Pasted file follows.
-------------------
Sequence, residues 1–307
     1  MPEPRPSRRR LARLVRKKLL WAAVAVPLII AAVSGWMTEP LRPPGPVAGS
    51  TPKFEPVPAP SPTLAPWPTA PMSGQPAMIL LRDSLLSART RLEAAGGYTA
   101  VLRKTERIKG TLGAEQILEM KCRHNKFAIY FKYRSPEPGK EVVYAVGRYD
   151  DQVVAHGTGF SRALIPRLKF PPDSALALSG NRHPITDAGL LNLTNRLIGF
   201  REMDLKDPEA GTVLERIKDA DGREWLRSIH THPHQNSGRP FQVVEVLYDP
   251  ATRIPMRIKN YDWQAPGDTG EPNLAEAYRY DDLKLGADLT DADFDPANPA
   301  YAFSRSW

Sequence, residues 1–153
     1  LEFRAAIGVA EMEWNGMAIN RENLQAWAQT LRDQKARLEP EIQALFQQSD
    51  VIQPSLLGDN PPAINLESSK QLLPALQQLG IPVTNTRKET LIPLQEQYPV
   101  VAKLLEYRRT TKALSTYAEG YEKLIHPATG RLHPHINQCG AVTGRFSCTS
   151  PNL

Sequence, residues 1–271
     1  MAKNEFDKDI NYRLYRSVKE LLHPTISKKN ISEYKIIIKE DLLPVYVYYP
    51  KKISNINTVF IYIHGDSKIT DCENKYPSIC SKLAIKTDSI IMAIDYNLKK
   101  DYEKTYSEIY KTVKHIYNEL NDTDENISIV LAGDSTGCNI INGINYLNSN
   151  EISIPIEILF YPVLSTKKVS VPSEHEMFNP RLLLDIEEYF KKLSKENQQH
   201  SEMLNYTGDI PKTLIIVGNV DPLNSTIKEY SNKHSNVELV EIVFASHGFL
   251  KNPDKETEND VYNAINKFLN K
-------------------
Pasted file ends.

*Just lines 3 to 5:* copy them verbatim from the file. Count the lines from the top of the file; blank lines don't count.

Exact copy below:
    51  TPKFEPVPAP SPTLAPWPTA PMSGQPAMIL LRDSLLSART RLEAAGGYTA
   101  VLRKTERIKG TLGAEQILEM KCRHNKFAIY FKYRSPEPGK EVVYAVGRYD
   151  DQVVAHGTGF SRALIPRLKF PPDSALALSG NRHPITDAGL LNLTNRLIGF